An almost buyer’s guide to electric cars 2: Electric car boogaloo
Desperate to avoid petrol I hired an electric car for the purposes of hard science. I requisitioned a Renault Zoe for a few days, rented a lab coat and three pens for its pocket, bought a clipboard outright and began the grand experiment. The key tests were how well the battery lasted with my commute and the business of social work, how quickly it drained when parked overnight, how big a pain in the arse public charge points are, and how often I’d have to use the buggers.
An almost buyer’s guide to electric cars, maybe
Back in the arse-end of 2019 I finally ditched my car, having decided humanity was marginally more important than an easy commute. But then Covid hit. And hit me right in the face. Almost two years later I’m still having trouble walking, still working fully from home and only just starting full time hours. I need a car. Which means I need an electric car, which means a lot of expense…
COP26 midterm report: Must try harder
We’ve made it halfway through COP26. It’s been a week of photo ops and erasures, announcements and sucker-punches, protests and Borises being colossal shits. On the surface there have been some decent announcements…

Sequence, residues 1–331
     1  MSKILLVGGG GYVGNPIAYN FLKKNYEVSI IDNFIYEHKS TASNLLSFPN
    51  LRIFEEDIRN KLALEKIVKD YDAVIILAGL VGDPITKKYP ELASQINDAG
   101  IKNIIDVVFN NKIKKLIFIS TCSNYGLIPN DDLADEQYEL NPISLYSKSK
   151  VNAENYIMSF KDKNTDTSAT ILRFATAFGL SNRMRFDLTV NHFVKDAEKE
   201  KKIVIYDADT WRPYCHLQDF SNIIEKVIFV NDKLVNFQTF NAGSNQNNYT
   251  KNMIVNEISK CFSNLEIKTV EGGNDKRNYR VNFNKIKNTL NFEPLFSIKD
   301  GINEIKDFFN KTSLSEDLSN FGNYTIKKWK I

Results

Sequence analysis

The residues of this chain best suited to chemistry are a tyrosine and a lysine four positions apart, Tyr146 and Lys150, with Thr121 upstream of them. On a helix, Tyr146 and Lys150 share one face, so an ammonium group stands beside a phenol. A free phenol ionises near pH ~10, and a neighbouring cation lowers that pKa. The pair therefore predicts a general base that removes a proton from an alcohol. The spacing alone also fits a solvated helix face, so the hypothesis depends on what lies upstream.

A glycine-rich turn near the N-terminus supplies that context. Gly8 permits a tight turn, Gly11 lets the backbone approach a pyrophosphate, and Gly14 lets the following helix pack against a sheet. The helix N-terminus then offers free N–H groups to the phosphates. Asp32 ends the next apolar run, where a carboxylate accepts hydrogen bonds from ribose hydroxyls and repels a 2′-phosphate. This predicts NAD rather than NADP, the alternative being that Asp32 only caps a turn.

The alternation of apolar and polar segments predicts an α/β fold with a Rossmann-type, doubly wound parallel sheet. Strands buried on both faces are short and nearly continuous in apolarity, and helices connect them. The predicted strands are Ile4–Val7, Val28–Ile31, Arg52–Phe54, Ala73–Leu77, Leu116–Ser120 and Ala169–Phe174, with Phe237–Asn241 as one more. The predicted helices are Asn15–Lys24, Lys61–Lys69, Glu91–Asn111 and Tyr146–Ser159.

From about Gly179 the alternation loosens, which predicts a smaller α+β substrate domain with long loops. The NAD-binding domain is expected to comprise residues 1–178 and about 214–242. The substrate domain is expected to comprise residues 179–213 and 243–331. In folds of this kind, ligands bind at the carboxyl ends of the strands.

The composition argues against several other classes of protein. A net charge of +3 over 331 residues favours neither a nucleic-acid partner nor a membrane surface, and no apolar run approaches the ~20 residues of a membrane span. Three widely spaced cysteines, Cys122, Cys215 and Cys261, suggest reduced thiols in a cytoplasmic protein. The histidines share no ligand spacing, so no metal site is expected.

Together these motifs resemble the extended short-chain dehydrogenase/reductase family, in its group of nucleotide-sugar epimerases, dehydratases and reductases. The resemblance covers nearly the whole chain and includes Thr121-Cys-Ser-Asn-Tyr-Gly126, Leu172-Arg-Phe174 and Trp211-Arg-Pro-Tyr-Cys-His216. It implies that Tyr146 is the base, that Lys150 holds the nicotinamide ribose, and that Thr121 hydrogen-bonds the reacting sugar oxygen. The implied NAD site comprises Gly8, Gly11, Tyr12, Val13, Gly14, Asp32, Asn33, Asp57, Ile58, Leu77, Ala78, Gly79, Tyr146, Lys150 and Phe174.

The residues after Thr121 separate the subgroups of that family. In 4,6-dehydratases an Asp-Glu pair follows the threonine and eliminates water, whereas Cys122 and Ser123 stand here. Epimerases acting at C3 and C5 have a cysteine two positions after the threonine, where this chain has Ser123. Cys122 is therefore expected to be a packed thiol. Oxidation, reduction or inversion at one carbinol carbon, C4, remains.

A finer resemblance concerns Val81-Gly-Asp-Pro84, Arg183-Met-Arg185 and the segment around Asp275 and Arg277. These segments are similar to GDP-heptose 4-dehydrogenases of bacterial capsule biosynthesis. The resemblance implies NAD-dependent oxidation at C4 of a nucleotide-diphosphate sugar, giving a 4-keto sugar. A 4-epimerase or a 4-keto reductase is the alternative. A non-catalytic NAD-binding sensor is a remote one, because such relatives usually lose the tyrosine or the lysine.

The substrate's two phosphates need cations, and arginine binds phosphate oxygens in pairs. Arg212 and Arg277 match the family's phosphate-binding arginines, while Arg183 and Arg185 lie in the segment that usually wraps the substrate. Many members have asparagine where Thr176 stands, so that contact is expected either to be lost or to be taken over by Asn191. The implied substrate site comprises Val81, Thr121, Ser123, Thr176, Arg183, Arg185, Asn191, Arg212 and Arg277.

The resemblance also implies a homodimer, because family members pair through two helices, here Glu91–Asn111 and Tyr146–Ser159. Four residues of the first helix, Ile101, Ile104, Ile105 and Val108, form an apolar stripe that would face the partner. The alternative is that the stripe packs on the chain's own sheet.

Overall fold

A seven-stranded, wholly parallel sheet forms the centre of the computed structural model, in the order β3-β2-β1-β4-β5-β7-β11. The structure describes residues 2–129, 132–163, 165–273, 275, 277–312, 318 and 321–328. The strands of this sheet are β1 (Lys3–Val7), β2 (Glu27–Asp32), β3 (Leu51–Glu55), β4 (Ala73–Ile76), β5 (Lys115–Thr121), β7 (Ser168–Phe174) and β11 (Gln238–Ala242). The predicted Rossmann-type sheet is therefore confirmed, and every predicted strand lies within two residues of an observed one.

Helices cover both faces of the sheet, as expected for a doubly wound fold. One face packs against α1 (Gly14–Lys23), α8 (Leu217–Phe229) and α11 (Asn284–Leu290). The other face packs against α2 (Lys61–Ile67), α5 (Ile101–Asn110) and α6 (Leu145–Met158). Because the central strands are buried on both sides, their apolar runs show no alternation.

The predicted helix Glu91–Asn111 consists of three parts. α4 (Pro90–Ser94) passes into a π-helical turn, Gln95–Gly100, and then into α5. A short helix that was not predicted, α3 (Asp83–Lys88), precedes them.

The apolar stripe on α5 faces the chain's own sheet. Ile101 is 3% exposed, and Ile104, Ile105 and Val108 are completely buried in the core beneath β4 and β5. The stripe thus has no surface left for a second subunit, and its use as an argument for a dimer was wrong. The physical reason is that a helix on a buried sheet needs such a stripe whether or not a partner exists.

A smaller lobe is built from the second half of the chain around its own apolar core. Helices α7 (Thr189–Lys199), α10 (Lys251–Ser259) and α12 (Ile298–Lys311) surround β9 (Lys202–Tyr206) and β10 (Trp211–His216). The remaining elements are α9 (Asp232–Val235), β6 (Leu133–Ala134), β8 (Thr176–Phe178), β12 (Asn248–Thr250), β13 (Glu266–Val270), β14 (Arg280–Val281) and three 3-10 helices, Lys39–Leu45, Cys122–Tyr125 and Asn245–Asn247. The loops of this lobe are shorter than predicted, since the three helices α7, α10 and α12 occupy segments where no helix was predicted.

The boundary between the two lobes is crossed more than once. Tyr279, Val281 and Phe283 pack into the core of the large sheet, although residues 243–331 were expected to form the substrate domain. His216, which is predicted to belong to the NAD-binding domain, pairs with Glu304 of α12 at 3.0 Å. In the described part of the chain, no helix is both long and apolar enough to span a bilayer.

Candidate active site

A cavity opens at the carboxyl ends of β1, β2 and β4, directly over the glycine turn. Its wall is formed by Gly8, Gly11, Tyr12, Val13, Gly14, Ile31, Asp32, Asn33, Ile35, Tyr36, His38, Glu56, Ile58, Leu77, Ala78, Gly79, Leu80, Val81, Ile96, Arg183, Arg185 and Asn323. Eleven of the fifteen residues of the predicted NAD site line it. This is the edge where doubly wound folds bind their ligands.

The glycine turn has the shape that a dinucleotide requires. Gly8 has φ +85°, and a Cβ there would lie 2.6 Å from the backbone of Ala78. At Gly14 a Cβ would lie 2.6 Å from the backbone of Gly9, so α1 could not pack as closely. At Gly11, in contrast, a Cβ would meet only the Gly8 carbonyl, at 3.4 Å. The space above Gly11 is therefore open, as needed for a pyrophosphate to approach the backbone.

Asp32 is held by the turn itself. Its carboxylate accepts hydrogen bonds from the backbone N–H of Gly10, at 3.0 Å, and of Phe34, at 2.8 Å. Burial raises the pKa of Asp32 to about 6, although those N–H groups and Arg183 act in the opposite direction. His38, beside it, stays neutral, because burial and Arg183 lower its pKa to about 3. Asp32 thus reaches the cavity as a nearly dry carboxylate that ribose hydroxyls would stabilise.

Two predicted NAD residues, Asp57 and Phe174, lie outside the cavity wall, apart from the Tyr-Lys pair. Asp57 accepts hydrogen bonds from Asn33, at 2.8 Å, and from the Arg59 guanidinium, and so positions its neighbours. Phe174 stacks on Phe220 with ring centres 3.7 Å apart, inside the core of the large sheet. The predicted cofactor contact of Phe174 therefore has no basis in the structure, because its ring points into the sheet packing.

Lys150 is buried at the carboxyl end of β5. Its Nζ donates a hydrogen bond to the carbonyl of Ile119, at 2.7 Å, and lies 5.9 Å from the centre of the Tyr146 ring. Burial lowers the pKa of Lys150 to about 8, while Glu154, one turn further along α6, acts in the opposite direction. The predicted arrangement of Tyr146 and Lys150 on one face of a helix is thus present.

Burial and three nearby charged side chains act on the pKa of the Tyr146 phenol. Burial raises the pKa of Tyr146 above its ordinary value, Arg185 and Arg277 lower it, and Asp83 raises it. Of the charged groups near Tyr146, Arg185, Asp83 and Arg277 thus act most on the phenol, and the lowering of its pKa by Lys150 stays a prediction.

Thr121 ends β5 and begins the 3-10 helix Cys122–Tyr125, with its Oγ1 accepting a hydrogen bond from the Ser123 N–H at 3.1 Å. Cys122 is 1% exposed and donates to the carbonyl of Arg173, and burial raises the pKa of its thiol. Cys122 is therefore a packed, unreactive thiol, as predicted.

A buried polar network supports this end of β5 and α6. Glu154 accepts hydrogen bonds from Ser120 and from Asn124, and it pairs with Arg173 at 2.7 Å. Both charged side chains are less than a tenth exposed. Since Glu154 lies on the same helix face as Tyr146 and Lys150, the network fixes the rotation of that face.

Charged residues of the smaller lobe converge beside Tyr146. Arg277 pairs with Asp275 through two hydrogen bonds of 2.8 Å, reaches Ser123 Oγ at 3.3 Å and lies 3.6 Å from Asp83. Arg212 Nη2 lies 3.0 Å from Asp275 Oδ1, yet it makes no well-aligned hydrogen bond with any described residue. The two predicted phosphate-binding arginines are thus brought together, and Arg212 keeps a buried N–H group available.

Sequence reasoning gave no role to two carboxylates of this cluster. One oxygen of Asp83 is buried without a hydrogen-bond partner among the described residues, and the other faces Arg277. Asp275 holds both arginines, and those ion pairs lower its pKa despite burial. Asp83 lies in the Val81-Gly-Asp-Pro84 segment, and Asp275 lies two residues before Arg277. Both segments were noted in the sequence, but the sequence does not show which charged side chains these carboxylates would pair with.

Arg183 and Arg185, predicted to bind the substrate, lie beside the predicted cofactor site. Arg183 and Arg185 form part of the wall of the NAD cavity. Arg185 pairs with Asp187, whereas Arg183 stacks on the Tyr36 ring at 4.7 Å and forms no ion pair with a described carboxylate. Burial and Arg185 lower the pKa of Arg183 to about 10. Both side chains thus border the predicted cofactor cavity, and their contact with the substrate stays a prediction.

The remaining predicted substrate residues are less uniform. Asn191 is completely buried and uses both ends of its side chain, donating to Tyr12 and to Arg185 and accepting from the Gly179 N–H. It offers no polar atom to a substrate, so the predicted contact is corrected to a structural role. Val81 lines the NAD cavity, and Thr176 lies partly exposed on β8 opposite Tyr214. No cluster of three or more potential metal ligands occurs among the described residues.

Climate anxiety: The self-righteousest of all anxieties
And so we find ourselves on the eve of COP26, where highfalutin delegates from around 200 countries will come together in Glasgow to either unite the world to tackle climate change or to talk shit, greenwash their failures and prove virtue signalling is a real thing after all. In preparation I’ve been hard at work on my soul-crushing climate anxiety. This requires long nights lying awake fretting, long days doomscrolling social media. It requires your heart pounding against your ribs so hard it actually makes a noise.
A three-legged carbon footprint
My grand return to the world of disability hasn’t been great for carbon footprinting. The early, housebound stage was amazing, obviously. The plus side of not leaving my bed for months is that it reduced my emissions – and my activity, social life and hope – to zero. But as I got more with it, public transport was no longer an option…